The challenge

The long-term effects of COVID-19 illness are currently unknown. Although most people recover from acute illness the ongoing impacts on health and wellbeing remain to be defined, particularly in those with mild-moderate illness.

The project

The ADAPT study is following patients diagnosed with SARS-CoV-2 infection through St Vincent’s Hospital clinical service at regular intervals over a minimum of one-year post diagnosis. All patients including those managed in the community and hospitalised are eligible to participate. Patients diagnosed from other clinical services may also enrol.

The method

ADAPT is collecting details on people’s symptoms at regular intervals after infection. It also collects data on their respiratory and neurocognitive function, and on their mental health and wellbeing. Blood tests are taken to measure the immune response, both in terms of antibodies and more complicated tests of immunological function. These will help us understand whether SARS-CoV-2 infection provides any protection from reinfection and inform vaccine development. Patients’ blood samples will also contribute to an important research biobank for other collaborators wishing to conduct SARS-CoV-2 research.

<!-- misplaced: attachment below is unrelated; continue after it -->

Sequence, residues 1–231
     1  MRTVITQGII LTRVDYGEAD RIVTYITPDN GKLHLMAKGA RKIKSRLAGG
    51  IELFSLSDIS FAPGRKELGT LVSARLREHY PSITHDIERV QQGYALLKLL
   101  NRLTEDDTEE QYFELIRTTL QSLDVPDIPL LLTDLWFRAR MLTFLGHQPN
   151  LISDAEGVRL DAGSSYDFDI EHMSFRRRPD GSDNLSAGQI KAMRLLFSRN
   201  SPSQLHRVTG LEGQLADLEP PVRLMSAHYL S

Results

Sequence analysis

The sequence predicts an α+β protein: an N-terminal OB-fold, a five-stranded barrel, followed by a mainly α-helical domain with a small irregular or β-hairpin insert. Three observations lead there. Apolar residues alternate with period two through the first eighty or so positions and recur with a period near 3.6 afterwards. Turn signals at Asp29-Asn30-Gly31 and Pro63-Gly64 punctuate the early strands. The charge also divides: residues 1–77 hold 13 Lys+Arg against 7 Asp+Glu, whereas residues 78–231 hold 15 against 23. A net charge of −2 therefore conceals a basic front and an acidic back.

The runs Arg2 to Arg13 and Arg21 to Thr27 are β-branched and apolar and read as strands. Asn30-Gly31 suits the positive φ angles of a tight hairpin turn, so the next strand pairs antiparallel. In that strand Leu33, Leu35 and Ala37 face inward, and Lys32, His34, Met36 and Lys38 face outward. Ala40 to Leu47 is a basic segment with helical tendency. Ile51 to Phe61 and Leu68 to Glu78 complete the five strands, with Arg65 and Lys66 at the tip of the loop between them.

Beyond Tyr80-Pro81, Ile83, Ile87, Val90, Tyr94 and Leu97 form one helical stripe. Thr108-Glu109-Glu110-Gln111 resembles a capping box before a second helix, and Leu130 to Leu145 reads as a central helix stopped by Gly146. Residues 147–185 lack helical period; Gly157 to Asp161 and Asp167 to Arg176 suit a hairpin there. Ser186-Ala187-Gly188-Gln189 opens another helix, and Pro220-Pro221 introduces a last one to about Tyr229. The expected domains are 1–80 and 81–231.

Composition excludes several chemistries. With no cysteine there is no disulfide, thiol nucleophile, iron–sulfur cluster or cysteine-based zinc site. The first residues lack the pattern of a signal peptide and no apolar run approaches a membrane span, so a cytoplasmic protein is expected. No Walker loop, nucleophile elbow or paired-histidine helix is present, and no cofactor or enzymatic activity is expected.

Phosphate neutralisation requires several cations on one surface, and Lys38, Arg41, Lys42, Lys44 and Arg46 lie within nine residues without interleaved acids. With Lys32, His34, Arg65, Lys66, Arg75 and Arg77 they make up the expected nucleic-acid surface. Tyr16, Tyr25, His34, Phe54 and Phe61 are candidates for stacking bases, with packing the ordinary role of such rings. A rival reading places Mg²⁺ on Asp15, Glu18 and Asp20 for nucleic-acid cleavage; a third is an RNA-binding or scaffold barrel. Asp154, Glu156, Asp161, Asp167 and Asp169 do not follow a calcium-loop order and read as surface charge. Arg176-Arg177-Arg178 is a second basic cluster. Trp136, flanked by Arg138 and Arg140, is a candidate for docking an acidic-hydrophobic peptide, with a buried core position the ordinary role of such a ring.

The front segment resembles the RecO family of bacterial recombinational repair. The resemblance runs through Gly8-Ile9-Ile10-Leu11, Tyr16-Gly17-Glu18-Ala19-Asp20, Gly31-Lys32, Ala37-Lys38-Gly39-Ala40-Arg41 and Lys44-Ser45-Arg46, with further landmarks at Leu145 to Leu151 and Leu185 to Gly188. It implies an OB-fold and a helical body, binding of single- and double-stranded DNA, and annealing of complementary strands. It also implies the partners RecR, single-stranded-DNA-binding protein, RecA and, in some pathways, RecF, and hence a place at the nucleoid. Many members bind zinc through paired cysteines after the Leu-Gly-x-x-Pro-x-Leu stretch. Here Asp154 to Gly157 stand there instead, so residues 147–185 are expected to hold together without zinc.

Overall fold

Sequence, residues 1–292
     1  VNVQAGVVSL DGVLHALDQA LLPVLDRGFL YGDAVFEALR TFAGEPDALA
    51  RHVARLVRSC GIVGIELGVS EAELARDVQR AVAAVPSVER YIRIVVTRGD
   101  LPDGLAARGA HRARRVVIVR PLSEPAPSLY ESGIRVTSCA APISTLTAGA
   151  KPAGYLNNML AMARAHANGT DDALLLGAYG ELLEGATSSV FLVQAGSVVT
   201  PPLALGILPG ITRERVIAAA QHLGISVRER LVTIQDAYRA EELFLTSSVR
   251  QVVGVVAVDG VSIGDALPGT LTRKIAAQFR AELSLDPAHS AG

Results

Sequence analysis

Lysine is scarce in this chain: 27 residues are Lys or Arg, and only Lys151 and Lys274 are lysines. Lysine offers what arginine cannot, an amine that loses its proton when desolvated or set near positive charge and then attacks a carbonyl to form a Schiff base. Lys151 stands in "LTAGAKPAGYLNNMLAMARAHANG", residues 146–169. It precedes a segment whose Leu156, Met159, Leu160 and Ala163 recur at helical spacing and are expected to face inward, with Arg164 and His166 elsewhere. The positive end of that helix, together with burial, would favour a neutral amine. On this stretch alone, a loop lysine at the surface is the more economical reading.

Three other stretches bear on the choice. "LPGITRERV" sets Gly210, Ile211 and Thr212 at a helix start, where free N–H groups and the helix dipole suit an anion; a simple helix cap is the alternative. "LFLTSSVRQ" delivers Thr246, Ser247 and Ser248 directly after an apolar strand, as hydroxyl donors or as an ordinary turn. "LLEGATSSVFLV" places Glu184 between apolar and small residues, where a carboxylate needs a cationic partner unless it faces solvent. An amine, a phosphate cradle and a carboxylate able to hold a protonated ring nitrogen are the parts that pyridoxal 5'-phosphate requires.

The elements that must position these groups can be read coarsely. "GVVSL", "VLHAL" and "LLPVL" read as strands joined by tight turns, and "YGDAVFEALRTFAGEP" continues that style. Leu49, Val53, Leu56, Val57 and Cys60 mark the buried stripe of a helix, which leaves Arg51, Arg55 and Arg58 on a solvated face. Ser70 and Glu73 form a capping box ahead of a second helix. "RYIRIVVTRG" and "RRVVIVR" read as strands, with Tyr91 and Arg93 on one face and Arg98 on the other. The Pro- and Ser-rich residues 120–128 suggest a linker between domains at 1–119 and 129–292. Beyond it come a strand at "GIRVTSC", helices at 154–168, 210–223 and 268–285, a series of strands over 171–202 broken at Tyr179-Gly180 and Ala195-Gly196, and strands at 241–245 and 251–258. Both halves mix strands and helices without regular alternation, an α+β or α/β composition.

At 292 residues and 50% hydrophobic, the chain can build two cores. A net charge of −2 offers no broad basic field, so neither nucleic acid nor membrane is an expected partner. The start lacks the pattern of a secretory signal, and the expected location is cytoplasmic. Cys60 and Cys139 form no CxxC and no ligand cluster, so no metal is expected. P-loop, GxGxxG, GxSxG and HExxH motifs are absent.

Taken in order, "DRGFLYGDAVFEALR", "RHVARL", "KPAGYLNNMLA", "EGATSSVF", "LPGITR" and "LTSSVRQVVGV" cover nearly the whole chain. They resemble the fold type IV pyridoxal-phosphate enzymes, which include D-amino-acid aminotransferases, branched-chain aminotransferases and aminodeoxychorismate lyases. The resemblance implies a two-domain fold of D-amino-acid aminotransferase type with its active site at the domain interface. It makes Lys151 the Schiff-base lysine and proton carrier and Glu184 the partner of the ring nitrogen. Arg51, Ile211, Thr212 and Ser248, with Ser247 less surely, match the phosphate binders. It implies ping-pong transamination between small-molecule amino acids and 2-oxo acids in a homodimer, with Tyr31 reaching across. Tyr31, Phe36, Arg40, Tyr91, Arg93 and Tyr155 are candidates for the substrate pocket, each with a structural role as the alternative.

ADAPT is currently collaborating with other researchers from the Kirby Institute, the Garvan Institute, the Centre for Social Research in Health, UNSW Sydney and The George Institute. 

The impact

Understanding the medium-long term impact of COVID-19 infection is critically important to develop improved post-COVID-19 clinical care and guide future health service requirements. Studying the immunological response in relation to SARS-CoV-2 infection will provide important information on the role of the immune system in recovery and guide vaccine development.